August 2010 Blog Posts

Big thanks to the WHS community for the great response to our CTP announcement for Blackbox. We’ve got our test team full for this initial round, but look out for more opportunities soon.

It’s that time again! Tentacle Software is looking for testers for our latest Windows Home Server Add-In, Blackbox for Windows Home Server.

Blackbox for Windows Home Server provides in-depth real-time monitoring of motherboard, disk, UPS, and graphics card hardware sensors. Administrators can define alerting rules to take actions when a sensor exceeds a specified threshold.



This is a preview release of Blackbox and is intended to showcase the major features that will be present in the release version, and to give our users the opportunity to provide input on the final feature-set.

Key features:

  • Real-time monitoring of supported hardware sensors
  • Administrator-defined rules to perform actions based on sensor states, including:
    • Log the alert to a file
    • Log the alert to the Event Log
    • Create a Windows Home Server health notification (that appears in the server health status window)
    • Set a fan speed
    • Change the system power state (shut down, suspend, hibernate, or restart)
  • PWM fan control

Blackbox requires the following platform:

  • Windows Home Server v1 operating system (“Vail” isn’t supported in this release)
  • Windows Home Server Power Pack 3 (installed automatically by Windows Update)
  • .NET Framework v3.5 SP1 (installed automatically by Windows Update)
  • A motherboard with supported hardware sensors (most ITE* chips, CPU thermal sensors, hard drive SMART sensors, and UPS battery sensors are supported)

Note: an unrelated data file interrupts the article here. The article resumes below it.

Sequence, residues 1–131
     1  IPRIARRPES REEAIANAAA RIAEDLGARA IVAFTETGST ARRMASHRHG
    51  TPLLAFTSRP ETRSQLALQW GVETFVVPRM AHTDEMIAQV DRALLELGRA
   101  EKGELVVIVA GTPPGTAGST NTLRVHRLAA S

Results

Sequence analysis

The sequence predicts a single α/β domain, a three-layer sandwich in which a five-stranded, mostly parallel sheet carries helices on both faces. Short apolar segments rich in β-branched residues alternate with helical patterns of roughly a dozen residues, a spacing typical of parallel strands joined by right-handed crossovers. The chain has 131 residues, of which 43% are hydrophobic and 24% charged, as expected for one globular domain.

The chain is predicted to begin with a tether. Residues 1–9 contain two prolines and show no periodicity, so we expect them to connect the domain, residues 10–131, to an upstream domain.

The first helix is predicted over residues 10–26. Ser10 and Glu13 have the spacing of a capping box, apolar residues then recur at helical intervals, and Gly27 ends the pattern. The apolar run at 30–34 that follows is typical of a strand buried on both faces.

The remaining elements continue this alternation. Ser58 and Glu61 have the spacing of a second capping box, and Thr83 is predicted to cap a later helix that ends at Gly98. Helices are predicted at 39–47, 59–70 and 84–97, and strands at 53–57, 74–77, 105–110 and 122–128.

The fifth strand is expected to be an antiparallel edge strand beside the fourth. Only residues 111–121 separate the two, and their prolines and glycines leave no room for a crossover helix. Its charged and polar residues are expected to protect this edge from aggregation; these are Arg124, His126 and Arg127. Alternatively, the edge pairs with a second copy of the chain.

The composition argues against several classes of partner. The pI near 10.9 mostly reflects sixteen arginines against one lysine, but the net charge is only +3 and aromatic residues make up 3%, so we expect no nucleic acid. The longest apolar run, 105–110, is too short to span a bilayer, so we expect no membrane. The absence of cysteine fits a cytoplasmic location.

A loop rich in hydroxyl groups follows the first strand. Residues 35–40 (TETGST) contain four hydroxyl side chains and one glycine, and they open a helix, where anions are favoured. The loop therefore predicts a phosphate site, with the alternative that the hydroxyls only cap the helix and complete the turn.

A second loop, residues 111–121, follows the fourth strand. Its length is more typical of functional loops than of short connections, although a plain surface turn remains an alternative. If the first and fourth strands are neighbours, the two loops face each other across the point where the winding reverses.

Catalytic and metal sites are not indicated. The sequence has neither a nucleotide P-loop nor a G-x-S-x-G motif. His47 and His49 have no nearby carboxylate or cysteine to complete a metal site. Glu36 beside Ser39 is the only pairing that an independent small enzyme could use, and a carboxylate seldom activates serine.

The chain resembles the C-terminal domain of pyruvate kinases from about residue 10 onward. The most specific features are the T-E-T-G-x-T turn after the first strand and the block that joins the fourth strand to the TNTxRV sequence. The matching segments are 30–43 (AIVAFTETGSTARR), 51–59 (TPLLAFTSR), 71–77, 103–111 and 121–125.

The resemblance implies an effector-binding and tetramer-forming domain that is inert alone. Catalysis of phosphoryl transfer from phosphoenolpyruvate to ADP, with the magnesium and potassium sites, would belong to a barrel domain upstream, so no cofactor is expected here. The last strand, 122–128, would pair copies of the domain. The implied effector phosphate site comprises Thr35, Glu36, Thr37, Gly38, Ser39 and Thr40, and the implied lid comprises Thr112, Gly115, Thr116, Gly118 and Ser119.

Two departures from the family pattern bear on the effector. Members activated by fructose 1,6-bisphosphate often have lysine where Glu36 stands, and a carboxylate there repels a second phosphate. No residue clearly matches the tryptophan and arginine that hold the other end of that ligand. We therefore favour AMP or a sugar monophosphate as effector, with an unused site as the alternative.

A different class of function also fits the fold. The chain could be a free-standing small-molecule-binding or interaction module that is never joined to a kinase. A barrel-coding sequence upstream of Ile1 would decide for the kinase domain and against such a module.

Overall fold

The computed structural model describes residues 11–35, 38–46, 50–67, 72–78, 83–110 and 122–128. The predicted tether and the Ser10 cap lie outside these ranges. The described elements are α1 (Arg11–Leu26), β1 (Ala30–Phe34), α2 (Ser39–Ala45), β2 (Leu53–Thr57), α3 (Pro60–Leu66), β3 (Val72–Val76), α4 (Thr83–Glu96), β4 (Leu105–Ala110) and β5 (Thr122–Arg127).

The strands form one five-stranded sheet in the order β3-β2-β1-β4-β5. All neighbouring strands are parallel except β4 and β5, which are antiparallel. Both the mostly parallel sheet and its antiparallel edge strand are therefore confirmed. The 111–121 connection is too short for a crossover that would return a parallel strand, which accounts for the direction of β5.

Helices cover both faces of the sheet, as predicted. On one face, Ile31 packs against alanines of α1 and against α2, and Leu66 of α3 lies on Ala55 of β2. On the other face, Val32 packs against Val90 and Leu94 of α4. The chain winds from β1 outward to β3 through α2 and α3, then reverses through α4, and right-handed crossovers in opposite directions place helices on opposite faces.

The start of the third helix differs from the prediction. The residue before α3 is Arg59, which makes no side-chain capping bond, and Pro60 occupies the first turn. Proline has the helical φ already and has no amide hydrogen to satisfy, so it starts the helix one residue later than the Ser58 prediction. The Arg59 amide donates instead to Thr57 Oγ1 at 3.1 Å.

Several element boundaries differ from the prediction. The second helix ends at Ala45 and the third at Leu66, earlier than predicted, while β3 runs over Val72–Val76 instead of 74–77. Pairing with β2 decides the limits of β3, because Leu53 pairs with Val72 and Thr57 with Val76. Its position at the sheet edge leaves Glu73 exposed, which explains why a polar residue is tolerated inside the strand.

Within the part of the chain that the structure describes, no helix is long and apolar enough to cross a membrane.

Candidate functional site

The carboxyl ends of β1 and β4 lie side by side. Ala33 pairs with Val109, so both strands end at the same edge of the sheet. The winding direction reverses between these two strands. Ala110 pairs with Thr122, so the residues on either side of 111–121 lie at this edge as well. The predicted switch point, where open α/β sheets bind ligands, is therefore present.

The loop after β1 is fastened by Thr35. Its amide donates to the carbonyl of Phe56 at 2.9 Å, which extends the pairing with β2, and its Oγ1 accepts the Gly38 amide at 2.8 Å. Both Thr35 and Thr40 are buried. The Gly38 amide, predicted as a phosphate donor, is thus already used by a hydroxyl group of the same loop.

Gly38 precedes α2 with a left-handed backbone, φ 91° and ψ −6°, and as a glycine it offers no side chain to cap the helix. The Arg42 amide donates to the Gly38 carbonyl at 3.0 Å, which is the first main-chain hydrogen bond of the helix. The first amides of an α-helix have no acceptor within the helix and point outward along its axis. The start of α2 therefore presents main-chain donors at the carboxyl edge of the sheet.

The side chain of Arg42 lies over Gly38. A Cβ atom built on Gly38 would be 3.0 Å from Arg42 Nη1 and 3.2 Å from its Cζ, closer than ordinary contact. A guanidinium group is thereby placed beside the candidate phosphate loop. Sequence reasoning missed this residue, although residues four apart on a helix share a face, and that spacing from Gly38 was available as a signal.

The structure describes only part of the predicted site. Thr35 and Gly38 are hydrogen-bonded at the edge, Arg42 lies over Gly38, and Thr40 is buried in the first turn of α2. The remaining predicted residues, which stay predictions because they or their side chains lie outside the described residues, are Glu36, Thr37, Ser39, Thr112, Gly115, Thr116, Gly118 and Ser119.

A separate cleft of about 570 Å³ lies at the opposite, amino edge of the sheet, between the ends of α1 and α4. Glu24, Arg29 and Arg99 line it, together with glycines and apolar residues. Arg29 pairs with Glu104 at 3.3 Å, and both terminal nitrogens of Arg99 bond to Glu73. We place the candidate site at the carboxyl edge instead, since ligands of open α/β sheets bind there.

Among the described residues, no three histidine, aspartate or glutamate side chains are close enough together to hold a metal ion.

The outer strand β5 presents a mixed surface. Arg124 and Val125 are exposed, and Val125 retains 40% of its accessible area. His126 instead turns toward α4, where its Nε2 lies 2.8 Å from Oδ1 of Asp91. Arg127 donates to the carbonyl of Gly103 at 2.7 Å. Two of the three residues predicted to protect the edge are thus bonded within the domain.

If you’re interested in participating in the initial closed CTP, please get in touch (and when you fire off the message, please include the specs of your server). We’re looking for testers who are just as excited about Blackbox as we are, and who want to contribute to making Blackbox as awesome as it can be. Edit: We’ve got the first round of testing covered, but look out for more opportunities soon!

We’ve sent out copies of Blackbox to some of the major Windows Home Server community sites, and you can find preview articles from them here:

Last year, Nick from ASoft wrote a comprehensive set of documentation for WHS v1 Add-In development. He’s now released an updated version for “Vail”.

Version 1.1 of the WHS DevKit 2 has been published. This Kit is an all-in-one package on how to create/build/install and addin for Vail, so if you want to have a go at it take the kit and have fun!

This new version has been updated to support the latest version of Windows Home Server: build 7659.

You can find Nick’s documentation over at the ASoft Blog.

A while back I posted a guide on how to get WiX to automatically set the installation package’s version, and how to rename the output package to include the same version number.

The instructions still work great, but it all felt a bit too messy.

I’ve spent a bit of time with WiX 3.5 over the last few days (because only WiX 3.5 beta supports Visual Studio 2010), and I’ve been able to solve a few niggling issues with my previous installers. Cleaning up how I name the output package is one of those.

I’m still doing this for the version number of the installer, (where $(var.xx.TargetFileName) points to a Project Reference*):

<Product Id="some-guid-here"
       Name="Blackbox for Windows Home Server"
       Manufacturer="Tentacle Software Ltd."

But I’m now using a different method to rename the actual output file to include the version number, and have that automatically update whenever the version of the project changes.

The basic issue was that I couldn’t work out how to make the WiX processors pick up changes to the OutputName property of the wixproj file, so I was left with running an action after the build to rename the output file to what I wanted.

The old and busted way:

<Target Name="AfterBuild">
  <GetAssemblyIdentity AssemblyFiles="..\HomeServerConsoleTab.DiskMgt\bin\$(Configuration)\HomeServerConsoleTab.DiskMgt.dll">
    <Output TaskParameter="Assemblies" ItemName="AssemblyVersion"/>
  <Copy SourceFiles=".\bin\$(Configuration)\$(OutputName).msi" DestinationFiles=".\bin\$(Configuration)\WHSDiskManagement.%(AssemblyVersion.Version).msi" />